The first significant expansion of allopathic medical schools since the 1970s was anticipated to produce more physicians capable of addressing the nation’s current and projected primary care shortages. However, our analysis of the early outputs of new allopathic medical schools suggests that these students were nearly 40% less likely to specialize in family medicine than existing schools.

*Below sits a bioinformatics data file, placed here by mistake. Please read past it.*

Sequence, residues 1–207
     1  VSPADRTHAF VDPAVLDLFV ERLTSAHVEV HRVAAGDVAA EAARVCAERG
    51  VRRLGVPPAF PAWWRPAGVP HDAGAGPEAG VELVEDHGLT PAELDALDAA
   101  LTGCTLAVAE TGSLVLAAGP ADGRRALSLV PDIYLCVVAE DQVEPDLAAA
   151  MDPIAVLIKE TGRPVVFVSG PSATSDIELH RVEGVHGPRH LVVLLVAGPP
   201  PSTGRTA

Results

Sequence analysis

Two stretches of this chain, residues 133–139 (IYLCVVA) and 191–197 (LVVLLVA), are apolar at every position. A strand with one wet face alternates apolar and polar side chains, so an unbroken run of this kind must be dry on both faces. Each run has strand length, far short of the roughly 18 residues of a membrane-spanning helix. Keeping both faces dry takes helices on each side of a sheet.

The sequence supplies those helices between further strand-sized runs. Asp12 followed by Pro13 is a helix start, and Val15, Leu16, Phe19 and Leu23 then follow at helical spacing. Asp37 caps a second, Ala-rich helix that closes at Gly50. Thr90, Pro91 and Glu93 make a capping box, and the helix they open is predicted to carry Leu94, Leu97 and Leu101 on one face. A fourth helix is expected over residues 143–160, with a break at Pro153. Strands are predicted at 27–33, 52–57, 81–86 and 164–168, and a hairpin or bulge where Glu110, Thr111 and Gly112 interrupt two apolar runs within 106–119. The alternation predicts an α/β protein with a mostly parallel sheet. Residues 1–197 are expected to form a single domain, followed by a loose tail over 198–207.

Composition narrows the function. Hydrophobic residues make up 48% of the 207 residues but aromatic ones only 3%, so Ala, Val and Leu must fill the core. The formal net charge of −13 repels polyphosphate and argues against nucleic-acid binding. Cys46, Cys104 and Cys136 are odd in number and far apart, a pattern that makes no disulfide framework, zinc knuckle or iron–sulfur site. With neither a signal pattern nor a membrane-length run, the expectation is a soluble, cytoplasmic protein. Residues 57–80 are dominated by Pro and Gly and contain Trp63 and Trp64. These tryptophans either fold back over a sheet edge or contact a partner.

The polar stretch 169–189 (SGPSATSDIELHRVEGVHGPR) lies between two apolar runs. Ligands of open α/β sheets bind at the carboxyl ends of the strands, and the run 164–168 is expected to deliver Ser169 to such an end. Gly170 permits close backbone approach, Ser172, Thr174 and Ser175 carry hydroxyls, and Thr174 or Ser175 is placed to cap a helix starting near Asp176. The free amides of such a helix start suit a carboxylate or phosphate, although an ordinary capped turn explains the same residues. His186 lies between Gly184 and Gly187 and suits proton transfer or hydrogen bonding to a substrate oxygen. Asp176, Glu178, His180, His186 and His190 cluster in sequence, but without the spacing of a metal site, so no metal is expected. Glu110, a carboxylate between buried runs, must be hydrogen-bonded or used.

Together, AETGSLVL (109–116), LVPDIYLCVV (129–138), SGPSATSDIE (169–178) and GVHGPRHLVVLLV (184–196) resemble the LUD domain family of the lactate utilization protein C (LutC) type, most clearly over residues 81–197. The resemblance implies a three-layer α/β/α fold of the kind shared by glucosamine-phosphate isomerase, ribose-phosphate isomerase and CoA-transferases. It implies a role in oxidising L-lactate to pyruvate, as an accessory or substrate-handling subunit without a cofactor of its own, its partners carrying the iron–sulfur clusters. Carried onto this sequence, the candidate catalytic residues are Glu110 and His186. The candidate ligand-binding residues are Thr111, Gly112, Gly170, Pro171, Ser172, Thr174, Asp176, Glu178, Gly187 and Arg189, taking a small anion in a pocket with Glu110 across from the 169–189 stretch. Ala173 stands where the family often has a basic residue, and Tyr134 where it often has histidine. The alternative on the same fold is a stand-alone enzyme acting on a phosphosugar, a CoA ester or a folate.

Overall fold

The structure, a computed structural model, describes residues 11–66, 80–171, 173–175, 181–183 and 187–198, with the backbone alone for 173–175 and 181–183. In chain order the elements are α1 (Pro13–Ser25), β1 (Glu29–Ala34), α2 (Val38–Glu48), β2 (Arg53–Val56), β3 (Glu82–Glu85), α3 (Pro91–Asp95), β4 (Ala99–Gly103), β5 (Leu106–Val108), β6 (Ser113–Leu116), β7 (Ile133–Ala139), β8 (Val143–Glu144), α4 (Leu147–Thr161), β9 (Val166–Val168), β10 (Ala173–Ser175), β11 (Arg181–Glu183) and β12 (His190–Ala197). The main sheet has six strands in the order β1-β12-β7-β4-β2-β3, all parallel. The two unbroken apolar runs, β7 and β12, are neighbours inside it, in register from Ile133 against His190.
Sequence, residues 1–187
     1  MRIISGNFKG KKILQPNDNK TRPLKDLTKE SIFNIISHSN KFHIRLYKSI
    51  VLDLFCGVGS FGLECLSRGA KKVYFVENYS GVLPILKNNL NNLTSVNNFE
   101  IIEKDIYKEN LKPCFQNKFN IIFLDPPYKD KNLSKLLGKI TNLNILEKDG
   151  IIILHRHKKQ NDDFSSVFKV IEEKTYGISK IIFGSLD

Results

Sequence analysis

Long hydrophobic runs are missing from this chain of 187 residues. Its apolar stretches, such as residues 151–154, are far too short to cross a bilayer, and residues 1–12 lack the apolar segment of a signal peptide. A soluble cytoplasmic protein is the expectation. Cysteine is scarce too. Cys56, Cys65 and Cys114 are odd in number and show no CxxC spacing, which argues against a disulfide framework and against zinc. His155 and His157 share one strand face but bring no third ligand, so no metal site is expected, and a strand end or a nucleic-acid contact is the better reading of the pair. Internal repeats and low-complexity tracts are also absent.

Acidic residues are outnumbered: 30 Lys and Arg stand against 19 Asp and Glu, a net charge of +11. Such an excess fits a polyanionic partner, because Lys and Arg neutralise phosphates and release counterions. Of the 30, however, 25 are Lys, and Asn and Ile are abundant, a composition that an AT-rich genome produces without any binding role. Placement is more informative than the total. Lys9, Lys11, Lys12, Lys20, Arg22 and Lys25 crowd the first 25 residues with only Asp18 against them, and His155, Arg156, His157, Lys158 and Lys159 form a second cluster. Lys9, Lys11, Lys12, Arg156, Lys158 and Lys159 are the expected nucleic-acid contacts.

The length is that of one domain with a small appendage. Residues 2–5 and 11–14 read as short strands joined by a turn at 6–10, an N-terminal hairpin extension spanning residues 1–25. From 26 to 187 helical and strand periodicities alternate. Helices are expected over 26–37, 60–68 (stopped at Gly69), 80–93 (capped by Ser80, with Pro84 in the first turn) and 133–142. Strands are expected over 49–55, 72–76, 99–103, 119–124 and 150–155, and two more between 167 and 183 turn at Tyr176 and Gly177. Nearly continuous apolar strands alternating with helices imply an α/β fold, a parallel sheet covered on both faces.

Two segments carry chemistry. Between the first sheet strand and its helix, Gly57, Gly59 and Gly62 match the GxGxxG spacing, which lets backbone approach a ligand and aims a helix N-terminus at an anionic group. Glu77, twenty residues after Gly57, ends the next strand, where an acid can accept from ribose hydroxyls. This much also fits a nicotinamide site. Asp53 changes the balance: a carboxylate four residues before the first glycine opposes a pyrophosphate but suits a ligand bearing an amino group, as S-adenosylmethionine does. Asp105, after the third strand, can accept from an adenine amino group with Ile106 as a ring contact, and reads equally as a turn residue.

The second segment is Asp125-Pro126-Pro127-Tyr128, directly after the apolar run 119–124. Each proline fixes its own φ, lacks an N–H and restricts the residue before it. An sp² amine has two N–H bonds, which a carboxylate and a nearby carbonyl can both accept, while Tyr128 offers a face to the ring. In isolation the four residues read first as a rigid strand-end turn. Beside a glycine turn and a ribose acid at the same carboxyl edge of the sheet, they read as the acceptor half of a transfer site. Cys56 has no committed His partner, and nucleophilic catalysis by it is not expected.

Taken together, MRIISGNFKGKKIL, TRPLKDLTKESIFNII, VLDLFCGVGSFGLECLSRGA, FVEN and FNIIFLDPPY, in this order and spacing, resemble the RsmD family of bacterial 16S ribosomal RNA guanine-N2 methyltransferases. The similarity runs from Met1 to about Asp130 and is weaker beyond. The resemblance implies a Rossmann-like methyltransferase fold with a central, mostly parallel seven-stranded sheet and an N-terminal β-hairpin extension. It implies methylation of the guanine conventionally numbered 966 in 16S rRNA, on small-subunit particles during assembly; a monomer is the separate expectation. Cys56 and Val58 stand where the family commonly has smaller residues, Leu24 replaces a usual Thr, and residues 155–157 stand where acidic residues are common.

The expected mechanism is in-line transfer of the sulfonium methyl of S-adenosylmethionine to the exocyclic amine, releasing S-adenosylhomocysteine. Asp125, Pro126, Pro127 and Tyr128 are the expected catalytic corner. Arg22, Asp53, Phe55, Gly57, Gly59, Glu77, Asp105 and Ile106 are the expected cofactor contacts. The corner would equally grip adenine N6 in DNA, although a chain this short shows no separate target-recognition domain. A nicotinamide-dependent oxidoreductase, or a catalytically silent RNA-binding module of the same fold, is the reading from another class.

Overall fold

The likelihood of future shortages of adult primary care physicians is of great concern for policy makers as the US population grows and ages.